Ed Callaway is a prof at Salk, this is who Tina used to work for.
The termination layer of afferents establishes the hierarchical order of cortical areas. Feedforward connections originate in the superficial or superficial and deep layers, lateral connections terminate in all layers and feedback connections terminate in superficial and deep layers. From Felleman and Van Essen (1991) (I'll review this paper later, its a classic):
Two step process feedforward goes to layer 4, layer 4 mainly projects to L2-3, then off to next cortical region. Layer 6 acts modulatory and feeds back mainly on layer 4. Layer 5 does the same for layer 2-3:
Based on the lack of specificity of the connections from deep layers he infers that the deep layers are mainly modulatory on the superficial layers. There's a scanziani paper that shows how layer 6 modulates gain of the other layers, another paper to review. This is an interesting take on the seperate function of the two sheets of cortex. Remember that the superficial cortex is more pattern-completing (lots of feedback connections).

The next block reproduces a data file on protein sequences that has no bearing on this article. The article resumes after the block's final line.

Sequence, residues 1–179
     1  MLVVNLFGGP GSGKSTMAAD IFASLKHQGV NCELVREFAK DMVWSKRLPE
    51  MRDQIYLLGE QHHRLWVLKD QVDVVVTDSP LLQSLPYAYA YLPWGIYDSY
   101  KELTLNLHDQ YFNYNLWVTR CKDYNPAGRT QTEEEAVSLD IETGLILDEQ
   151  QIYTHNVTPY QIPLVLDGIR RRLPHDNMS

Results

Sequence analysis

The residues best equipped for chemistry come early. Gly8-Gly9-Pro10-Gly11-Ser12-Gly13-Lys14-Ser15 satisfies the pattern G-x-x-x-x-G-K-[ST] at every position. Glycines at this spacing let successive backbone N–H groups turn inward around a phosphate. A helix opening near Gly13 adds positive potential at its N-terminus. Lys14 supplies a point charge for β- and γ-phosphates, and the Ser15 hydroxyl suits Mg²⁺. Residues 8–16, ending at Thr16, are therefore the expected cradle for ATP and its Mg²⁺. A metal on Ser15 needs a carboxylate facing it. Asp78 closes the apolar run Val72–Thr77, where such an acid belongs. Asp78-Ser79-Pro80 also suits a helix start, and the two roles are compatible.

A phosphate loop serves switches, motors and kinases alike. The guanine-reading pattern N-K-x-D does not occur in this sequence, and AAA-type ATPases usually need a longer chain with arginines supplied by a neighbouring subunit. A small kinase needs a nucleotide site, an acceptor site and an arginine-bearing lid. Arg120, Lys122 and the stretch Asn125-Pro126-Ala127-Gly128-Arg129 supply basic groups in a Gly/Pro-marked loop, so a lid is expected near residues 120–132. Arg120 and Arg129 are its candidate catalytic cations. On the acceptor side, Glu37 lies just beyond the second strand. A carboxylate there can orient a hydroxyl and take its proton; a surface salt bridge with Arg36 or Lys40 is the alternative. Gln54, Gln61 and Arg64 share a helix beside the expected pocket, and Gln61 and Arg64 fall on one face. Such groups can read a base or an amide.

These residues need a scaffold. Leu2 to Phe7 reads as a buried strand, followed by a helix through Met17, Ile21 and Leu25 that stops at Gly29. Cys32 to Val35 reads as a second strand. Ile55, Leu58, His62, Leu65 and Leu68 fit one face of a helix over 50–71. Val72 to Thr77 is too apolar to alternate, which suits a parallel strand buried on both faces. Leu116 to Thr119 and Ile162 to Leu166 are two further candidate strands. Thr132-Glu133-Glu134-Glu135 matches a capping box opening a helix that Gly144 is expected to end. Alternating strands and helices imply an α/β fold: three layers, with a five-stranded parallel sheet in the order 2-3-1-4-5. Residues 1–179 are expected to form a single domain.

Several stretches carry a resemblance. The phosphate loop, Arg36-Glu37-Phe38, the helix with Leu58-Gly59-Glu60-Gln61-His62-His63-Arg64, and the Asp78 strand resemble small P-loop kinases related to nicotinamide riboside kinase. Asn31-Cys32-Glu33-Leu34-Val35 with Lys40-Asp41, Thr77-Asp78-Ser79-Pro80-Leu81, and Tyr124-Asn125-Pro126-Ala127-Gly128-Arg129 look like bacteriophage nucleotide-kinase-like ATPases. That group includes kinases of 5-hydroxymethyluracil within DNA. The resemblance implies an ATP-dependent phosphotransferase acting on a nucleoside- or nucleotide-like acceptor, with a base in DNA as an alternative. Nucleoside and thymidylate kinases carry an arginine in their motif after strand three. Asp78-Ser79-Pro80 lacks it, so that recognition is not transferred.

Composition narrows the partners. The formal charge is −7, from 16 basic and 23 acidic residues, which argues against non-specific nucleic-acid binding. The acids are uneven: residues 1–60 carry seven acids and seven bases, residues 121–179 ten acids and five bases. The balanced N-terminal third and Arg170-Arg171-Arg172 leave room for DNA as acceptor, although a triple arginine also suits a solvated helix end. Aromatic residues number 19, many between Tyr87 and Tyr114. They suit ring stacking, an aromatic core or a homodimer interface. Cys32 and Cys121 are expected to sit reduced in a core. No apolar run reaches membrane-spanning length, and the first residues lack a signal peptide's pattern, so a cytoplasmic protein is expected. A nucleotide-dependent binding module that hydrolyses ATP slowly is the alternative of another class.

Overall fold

Cortical areas can also interact by going through thalamus. Each cortical area has a thalamus (roughly), and lower cortical areas will project up to the next level of thalamus. The higher level of thalamus will then project to higher cortical areas. This continues up the hierarchy. So there is both a cortical and thalamic hierarchy where information spirals up. (This is like basal ganglia as well).
There are some shortcuts from thalamus to higher cortical areas. LGN signals may be able to skip layer 4 and layer 2/3 pathway, and route through layer 6 directly to higher areas. This may be special for vision, as the evidence for this shortcut is for motion signals (V1-L6 to MT). This shortcut may be necessary to process motion signals faster, as that would be extremely important.
Fast-spiking basket cells (aka PV cells) control gain. Feedforward connections from thalamus to L4 and from L4 to L2/3 connect strongly to FS cells. Most other inhibitory types are not targeted by feedforward excitation. Mainly target soma and proximal dendrites.
Somatostatin inhibitory neurons (SOM, Martinotti in cortex) inhibit distal apical tufts of pyramidal cells.
Calretinin neurons could be acting as gating cell. They disinhibit L2/3 while simultaneously inhibiting deep pyramids. Could be switching between classical cortico-cortico pathway and cortico-thalamic-cortico alternative pathway. Direct inhibitory synapses onto deep pyramids. Double negative synapses through other inhibitory interneurons for superficial pyramids.